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New study reveals that many would rather deal with pain than have surgery | Health Smart

A new national survey by Orlando Health found that many people would rather fight through nagging pain than stop to address it.

YORK, Pa. — Surgery can be a scary word and a new national survey by Orlando Health found that many people would rather fight through nagging pain than stop to address it.

Exercise is an important part of Jen Jordon's daily life, but lately that has come with worsening knee pain.

"I would go into a lunge and just feel a sharp pain and then it would just continuously hurt throughout the day," Jordon said. Like many people, she put off seeing a doctor for fear she'd be told to stop working out, or worse, that she would need surgery. 

"That is definitely a fear of mine," she said. "I do not want to have to do surgery on anything, that's why I try to stay active to prevent having to do any of that." 

It's something Dr. George Eldayrie, a board-certified primary care sports medicine physician with the Orlando Health Jewett Orthopedic Institute, hears a lot from his patients.  

The survey by Orlando Health found that nearly 1 in 5 Americans often feels pain when working out and about the same number say they continue to work through the pain instead of resting to heal.

"Somebody who has pain that they've been dealing with for a long time, they can't seem to pinpoint it and are afraid to hear (that they need surgery)," Dr. Eldayrie said. "I think there's a lot more options out there. The key is addressing an injury as early as possible. Exercising through certain types of discomfort can be concerning, can make things worse, and can end up being bigger injuries than maybe what they were earlier on."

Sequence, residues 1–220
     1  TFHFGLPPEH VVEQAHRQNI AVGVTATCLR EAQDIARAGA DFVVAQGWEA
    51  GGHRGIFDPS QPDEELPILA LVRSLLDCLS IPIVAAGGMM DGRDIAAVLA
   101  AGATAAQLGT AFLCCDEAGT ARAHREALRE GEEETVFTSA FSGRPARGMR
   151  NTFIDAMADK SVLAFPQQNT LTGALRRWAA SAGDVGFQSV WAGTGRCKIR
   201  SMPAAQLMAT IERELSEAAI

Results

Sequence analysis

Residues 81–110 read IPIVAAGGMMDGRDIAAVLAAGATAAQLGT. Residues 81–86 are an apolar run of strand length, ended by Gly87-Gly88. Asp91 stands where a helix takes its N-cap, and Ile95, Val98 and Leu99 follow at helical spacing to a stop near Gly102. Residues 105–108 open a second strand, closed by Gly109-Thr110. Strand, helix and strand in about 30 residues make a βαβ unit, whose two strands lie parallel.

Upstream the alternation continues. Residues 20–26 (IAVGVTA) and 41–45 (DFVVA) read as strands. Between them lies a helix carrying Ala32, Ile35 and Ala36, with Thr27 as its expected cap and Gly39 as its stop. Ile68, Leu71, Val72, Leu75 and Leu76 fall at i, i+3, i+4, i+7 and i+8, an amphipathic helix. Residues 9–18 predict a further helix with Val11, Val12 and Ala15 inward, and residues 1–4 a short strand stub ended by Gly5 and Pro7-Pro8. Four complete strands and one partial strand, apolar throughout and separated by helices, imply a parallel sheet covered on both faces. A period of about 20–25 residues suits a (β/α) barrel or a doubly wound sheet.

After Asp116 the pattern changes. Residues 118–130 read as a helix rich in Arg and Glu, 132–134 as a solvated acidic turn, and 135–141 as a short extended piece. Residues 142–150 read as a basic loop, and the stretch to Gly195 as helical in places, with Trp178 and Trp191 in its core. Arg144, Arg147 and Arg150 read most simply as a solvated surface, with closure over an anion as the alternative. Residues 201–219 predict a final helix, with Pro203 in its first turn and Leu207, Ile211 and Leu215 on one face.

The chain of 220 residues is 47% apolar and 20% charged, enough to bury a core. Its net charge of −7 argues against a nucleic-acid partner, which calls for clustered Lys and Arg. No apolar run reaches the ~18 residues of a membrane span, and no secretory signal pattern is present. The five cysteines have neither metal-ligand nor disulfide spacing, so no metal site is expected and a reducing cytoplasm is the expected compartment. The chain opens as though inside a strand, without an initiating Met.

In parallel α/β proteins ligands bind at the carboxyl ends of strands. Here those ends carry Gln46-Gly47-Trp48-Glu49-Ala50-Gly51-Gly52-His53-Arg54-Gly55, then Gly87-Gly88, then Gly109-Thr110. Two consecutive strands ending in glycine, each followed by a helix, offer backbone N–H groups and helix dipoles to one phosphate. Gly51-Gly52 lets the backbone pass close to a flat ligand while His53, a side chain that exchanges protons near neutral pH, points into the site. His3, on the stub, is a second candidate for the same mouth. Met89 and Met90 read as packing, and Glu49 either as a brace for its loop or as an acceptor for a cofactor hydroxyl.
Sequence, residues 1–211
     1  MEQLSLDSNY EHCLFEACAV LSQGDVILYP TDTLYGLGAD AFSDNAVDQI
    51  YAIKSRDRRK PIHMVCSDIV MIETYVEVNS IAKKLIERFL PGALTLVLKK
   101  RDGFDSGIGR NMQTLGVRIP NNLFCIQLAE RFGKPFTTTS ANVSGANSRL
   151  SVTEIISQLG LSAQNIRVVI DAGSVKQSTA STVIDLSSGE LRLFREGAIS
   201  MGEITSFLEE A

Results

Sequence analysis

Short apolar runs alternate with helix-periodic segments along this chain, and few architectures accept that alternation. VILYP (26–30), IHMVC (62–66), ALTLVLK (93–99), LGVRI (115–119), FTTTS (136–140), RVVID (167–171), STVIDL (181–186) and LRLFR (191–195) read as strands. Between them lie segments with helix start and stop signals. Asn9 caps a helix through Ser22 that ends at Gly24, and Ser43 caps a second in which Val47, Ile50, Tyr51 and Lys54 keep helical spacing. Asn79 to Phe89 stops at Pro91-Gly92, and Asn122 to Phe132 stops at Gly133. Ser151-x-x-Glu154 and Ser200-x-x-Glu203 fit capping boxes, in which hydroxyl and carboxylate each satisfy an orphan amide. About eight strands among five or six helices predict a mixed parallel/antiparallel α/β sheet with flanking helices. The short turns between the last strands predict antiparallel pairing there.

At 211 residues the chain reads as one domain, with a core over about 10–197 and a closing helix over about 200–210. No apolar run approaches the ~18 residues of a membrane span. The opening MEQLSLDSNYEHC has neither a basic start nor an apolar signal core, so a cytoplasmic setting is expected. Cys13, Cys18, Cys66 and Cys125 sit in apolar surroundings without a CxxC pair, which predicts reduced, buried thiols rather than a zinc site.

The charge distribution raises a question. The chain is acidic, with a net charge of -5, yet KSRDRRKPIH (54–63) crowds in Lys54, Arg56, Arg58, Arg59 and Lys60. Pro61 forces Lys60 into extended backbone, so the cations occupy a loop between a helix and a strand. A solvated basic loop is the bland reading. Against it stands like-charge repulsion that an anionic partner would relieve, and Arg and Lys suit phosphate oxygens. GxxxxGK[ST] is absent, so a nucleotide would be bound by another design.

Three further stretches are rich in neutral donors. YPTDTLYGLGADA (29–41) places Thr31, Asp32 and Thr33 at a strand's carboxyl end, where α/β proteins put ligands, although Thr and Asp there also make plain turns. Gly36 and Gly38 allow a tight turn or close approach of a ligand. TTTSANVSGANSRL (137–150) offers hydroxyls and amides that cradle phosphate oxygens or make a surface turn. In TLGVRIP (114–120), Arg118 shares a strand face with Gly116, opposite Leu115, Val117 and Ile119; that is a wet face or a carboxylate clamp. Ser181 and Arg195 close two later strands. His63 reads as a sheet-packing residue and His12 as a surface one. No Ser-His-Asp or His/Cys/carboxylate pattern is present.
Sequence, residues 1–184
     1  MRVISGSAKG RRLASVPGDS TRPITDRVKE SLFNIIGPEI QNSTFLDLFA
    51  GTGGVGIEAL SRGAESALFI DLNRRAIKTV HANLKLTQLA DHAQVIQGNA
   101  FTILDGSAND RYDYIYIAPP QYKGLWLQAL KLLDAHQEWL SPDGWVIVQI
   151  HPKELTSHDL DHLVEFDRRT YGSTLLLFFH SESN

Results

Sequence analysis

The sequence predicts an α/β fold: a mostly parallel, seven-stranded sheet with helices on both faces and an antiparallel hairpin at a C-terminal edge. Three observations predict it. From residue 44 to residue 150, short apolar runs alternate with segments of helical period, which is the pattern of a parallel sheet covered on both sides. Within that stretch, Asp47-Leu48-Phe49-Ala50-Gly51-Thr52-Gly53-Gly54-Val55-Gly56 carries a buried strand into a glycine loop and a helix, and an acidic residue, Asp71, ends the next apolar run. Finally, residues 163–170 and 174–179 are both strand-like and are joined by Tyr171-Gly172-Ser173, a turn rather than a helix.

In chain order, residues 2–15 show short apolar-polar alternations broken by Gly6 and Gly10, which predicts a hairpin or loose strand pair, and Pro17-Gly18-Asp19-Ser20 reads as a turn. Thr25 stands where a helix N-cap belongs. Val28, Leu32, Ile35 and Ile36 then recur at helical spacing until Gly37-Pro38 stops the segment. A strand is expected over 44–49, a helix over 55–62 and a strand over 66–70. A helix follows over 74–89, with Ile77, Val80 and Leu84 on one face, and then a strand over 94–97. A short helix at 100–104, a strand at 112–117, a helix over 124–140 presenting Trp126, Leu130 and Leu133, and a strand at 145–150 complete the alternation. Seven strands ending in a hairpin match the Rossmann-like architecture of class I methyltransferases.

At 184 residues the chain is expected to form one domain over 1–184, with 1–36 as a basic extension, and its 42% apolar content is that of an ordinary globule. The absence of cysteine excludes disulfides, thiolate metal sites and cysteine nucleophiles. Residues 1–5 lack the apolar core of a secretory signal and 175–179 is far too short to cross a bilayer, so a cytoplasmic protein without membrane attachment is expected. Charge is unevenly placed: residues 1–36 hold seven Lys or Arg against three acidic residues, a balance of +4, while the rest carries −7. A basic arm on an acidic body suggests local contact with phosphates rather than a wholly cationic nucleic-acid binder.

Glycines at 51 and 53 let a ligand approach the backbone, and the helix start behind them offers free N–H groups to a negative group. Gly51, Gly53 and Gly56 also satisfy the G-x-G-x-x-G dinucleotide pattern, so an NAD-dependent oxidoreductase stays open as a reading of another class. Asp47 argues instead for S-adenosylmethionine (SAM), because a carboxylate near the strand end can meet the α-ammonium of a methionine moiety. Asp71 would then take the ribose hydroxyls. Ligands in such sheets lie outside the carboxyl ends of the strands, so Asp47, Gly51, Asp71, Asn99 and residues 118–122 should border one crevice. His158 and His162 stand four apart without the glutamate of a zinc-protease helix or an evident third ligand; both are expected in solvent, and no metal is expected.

While surgery may be the best option for severe injuries, there are a lot of non-surgical treatments to explore with your doctor. They may include physical therapy or injections that reduce inflammation and promote healing, like cortico-steroids and platelet-rich plasma, delivered right to the area using ultrasound technology. 

"He just took out his iPad and was able to go right over my knee and showed me exactly what was going on," Jordon said of her doctor. She was relieved to hear that she wouldn't have to go under the knife and can likely heal just by strengthening and stretching specific muscles to better support her knee.

"Now, I have stuff going forward that can help prevent injury and if I start feeling it on the other knee, I'll be able to take care of it right away instead of waiting years, like I did," she said.

Experts stress that while there are a lot of options, surgery is often needed for injuries that have progressed and require repair or reconstruction. And although many patients avoid it, advancements in robotic and laparoscopic procedures have made many surgeries less invasive and recovery shorter and easier than ever. 

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